Topp'd with tall trees which, loftier than the palm,
Seem'd rooted in the deep amidst its calm ;
But when the winds awaken'd, shot forth wings
Broad as the cloud along the horizon flings,
And sway'd the waves, like cities of the sea,
Making the

very

billows look less free ;She, with her paddling oar and dar.cing prow, Shot through the surf, like reindeer through the snow, Swift gliding o'er the breaker's whitening edge, Light as a Nereid in her ocean sledge, And gazed and wonder'd at the giant hulk Which heaved from wave to wave its trampling bulk : The anchor dropp’d, it lay along the deep, Like a huge lion in the sun asleep, While round it swarm’d the proas' flitting chain, Like summer-bees that hum around his mane.

XI. The white man landed, -need the rest be told? The New World stretch'd its dusk hand to the Old; Each was to each a marvel, and the tie Of wonder warm’d to better sympathy. Kind was the welcome of the sun-born sires, And kinder still their daughters' gentler fires.

Their union grew : the children of the storm
Found beauty link'd with many a dusky form;
While these in turn admired the paler glow,
Which seem'd so white in climes that knew no snow.
The chase, the race, the liberty to roam,
The soil where every cottage show'd a home ;
The sea-spread net, the lightly-launch'd canoe,
Which stemm'd the studded Archipelago,
O’er whose blue bosom rose the starry isles ;
The healthy slumber, earn'd by sportive toils ,
The palm, the loftiest Dryad of the woods,
Within whose bosom infant Bacchus broods,
While eagles scarce build higher than the crest
Which shadows o'er the vineyard in her breast ;
The cava feast, the yam, the cocoa's root,
Which bears at once the cup, and milk, and fruit ;
The bread-tree, which, without the ploughshare, yields
The unreap'd harvest of unfurrow'd fields,
And bakes its unadulterated loaves
Without a furnace in unpurchased groves,
And flings off famine from its fertile breast,
A priceless market for the gathering guest ;-
These, with the luxuries of seas and woods,
The airy joys of social solitudes,
Tamed each rude wanderer to the sympathies
Of those who were more happy if less wise,
Did more than Europe's discipline had done,
And civilized civilisation's son!

XII.

Of these, and there was many a willing pair,
Neuha and Torquil were not the least fair :
Both children of the isles, though distant far;
Both born beneath a sea-presiding star;
Both nourish'd amidst nature's native scenes,
Loved to the last, whatever intervenes
Between us and our childhood's sympathy,
Which still reverts to what first caught the eye.
He who first met the Highlands' swelling blue,
Will love each peak that shows a kindred hue,
Hail in each crag a friend's familiar face,
And clasp the mountain in his mind's embrace.
Long have I roam'd through lands which are not mine,
Adored the Alp, and loved the Apennine,
Revered Parnassus, and beheld the steep
Jove's Ida and Olympus crown the deep :
But 't was not all long ages' lore, nor all
Their nature held me in their thrilling thrall;

The infant rapture still survived the boy,
And Loch-na-gar with Ida look'd o'er Troy,*
Mix'd Celtic memories with the Phrygian mount,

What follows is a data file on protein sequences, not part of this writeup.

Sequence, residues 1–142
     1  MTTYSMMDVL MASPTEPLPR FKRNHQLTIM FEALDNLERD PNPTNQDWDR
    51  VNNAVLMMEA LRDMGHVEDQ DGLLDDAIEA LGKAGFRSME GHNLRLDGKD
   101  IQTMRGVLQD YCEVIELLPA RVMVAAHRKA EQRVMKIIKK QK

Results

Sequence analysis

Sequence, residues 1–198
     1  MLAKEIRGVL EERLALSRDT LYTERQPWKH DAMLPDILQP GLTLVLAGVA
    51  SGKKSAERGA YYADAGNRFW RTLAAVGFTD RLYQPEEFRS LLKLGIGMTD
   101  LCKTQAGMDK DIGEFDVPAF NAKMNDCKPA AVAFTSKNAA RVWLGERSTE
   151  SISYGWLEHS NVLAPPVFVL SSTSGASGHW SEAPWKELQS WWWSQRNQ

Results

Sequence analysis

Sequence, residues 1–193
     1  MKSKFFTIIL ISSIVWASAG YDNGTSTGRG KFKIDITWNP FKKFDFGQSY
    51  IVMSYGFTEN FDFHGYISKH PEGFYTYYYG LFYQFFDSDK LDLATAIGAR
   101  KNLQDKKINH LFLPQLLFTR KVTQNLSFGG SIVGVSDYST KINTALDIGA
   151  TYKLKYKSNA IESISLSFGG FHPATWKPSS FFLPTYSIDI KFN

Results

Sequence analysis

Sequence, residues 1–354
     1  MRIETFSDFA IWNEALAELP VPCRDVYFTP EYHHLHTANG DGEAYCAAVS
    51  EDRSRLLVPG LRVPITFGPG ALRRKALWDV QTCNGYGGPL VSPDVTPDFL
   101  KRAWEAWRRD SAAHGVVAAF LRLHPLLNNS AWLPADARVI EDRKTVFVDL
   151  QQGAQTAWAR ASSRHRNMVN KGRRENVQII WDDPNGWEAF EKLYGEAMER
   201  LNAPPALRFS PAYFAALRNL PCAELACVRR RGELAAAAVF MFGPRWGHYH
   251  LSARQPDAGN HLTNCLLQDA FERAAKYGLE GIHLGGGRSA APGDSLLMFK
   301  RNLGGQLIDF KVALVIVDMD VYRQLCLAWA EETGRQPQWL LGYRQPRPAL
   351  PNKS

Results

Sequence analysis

And Highland linns with Castalie's clear fount.
Forgive me,

Homer's universal shade!
Forgive me, Phoebus ! that ny fancy stray'd;
The North and nature taught me to adore
Your scenes sublime from those beloved before.

XIII.
The love, which maketh all things fond and fair,
The youth, which makes one rainbow of the air,
The dangers past, that make even man enjoy
The pause in which he ceases to destroy,
The mutual beauty, which the sternest feel
Strike to their hearts like lightning to the steel,
United the half savage and the whole,
The maid and boy, in one absorbing soul.
No more the thundering memory of the fight
Wrapp'd his wean'd bosom in its dark delight;
No more the irksome restlessness of rest
Disturb’d him like the eagle in her nest,
Whose whetted beak and far-pervading eye
Darts for a victim over all the sky;
His heart was tamed to that voluptuous state,
At once elysian and effeminate,
Which leaves no laurels o'er the hero's urn;
These wither when for aught save blood they burn,
Yet, when their ashes in their nook are laid,
Doth not the myrtle leave as sweet a shade ?
Had Cæsar known but Cleopatra's kiss,
Rome had been free, the world had not been his.
And what have Cæsar's deeds and Caesar's fame
Done for the earth? We feel them in our shame :
The gory sanction of his glory stains
The rust which tyrants cherish on our chains.
Though glory, nature, reason, freedom, bid
Roused millions do what single Brutus did, -
Sweep these mere mock-birds of the despot's song
From the tall bough where they have perch'd so long,

*When very young, about eight years of age, after an attack of the scarlet fever at Aberdeen, I was removed by medical advice into the Highlands. Here I passed occasionally, some summers, and from this period I date my love of mountainous countries. I can never forget the effect a few years afterwards in England, of the only thing I had long seen, even in miniature, of a mountain, in the Malvern Hills. After I returned to Cheltenham, I used to watch them every afternoon at sunset, with a sensation which I cannot describe. This was boyish enough; but I was then only thirteen years of age, and it was in the holydays.